Deity Brahmā dēv’s creation of the universe i.e. a complete picture of the universe when ready, is pad. Later more was added or some alterations were made, so as to make the universe more beautiful and perfect. Therefore, the day on which Deity Brahma perfected the creation of the universe is called padva. When the hoisting of the DharmaDhwaj was added to the celebrations, this day came to be known as Gudi padwa.

3. Scriptural view of Gudi padwa (Chaitra Shukla Pratipada)

After every cosmic vibration a new universe is created, that day is Gudi padwa. 

Initially Earth was entirely covered by water. Then, at the beginning of what we now call summer, the Sun Deity started His penance. His radiance increased manifold due to the power of his penance. When the Sun Deity finished His penance, one fourth of the water on Earth had been evaporated. The time taken for that is called the summer season now. Thereafter the Sun Deity reverted to His original state i.e. the amount of heat became progressively less. As the water evaporated, it released a number of different gases which formed the atmosphere. Then, on the same day, from the interior of the earth, green land laden with trees and vines, rose up smoothly. Thus, the day on which Deity Brahma created the Universe, is known as Gudi padwa.

4. Significance of the special DharmaDhwaj

On this day a small round pot is inverted and kept on top of a bamboo stick. This is ritualistically worshipped and hoisted as a flag which is known as the DharmaDhwaj (as shown in the picture). The stick represents the spine and the pot represents the human head. The bamboo also has ‘vertebrae,’ like the human spine. In the human body, the head, which is of the shape of zero and the spine (vertebral column), are important organs. Another representation is the sperm of a human being which similar to the shape of the number one (1) in Devnagari script.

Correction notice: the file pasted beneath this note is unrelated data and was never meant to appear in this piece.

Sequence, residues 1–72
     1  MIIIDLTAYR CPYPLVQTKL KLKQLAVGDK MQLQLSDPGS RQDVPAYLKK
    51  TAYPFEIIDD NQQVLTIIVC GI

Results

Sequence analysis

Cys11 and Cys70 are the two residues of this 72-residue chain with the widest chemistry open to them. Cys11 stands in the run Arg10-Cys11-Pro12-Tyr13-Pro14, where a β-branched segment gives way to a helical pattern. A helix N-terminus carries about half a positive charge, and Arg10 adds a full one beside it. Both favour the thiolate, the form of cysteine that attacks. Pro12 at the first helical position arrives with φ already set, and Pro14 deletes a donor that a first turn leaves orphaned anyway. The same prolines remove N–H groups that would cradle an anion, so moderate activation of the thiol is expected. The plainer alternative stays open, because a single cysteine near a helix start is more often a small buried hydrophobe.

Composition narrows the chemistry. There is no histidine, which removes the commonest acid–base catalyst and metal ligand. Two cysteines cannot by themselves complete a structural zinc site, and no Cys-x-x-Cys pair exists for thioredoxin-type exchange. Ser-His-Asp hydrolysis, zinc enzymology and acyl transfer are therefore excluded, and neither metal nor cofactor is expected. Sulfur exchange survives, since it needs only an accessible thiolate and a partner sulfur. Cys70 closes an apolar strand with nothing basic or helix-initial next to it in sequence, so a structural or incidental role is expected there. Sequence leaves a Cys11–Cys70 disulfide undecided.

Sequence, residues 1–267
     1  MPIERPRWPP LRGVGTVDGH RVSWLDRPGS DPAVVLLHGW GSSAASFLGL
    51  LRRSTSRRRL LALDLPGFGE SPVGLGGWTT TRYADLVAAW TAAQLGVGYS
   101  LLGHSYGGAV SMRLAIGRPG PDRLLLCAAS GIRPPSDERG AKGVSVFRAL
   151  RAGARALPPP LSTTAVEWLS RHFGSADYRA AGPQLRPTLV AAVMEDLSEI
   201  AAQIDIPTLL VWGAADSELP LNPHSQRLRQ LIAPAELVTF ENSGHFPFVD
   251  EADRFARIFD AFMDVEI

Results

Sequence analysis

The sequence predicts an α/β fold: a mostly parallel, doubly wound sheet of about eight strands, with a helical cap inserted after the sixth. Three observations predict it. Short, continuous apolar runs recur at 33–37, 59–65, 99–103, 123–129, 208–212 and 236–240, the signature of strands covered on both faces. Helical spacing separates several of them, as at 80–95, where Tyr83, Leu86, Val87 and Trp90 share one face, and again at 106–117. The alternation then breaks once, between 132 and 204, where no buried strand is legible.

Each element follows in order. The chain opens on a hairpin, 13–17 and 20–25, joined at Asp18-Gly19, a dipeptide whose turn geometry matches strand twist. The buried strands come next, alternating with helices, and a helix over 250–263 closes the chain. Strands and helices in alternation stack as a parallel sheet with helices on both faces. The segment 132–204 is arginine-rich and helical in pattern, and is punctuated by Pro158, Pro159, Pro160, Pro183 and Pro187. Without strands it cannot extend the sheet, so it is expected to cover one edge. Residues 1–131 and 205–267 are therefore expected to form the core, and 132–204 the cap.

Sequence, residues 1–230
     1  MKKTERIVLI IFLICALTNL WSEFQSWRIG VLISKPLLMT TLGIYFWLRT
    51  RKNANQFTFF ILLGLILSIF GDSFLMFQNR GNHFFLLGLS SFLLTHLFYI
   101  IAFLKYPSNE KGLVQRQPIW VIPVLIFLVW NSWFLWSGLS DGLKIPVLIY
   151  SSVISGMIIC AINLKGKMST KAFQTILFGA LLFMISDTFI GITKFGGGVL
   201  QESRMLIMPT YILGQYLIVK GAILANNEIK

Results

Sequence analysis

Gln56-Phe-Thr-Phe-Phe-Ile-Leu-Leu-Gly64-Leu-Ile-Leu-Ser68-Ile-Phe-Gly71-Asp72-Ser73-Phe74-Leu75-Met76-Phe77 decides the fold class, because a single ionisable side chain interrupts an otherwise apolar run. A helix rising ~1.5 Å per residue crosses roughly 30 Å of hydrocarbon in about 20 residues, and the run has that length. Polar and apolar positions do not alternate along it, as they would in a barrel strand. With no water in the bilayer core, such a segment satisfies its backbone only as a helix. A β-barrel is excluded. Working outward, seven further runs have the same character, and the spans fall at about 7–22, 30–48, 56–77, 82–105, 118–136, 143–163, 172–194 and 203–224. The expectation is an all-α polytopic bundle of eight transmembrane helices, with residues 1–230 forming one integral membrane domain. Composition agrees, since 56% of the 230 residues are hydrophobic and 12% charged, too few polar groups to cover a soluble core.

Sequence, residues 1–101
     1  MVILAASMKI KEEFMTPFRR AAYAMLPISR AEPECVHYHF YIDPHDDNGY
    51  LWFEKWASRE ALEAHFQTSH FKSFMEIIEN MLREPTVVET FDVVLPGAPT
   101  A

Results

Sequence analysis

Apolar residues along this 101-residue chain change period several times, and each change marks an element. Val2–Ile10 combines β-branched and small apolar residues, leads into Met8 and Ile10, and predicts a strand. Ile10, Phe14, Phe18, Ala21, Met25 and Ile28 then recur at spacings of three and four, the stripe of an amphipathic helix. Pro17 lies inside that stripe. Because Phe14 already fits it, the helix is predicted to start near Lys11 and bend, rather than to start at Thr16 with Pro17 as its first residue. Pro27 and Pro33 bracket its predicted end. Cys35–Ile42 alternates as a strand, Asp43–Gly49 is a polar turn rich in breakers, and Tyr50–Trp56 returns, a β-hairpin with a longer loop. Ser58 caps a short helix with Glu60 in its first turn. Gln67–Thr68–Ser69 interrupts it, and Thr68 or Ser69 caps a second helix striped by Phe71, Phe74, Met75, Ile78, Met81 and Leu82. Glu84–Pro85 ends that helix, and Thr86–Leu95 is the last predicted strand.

The implied meaning of the components of the DharmaDhwaj**

DharmaDhwaj Man
1. The inverted pot Head
2. Stick Part of the body below the neck

5. The ideal time to hoist the DharmaDhwajOn this day the Prajāpati frequencies and absolute fire element (Tējtattva) are active on a large scale. The Divine consciousness (Chaitanya) transmitted through these frequencies at the time of sunrise, is long lasting. It is stored in the cells of an individual and is utilized later, as per ones need. Therefore, the flag should be hoisted and worshipped within 5 to 10 minutes following sunrise.

6. Importance of the substances used for hoisting the DharmaDhwaj

Importance of mango leaves:

The proportion of the spiritually pure (Sattva) component is more in mango leaves compared to other leaves and hence they have more capacity to attract the Divine principle. The mango leaves are tied at the tip of the flag. Tender mango leaves are recommended rather than fully mature ones as the capacity of the tender leaves to attract Divine frequencies is 30% compared to 10% in mature leaves. The absolute fire element principle is also more in tender leaves and hence they should be the ones used in ritualistic worship.

Importance of neem leaves: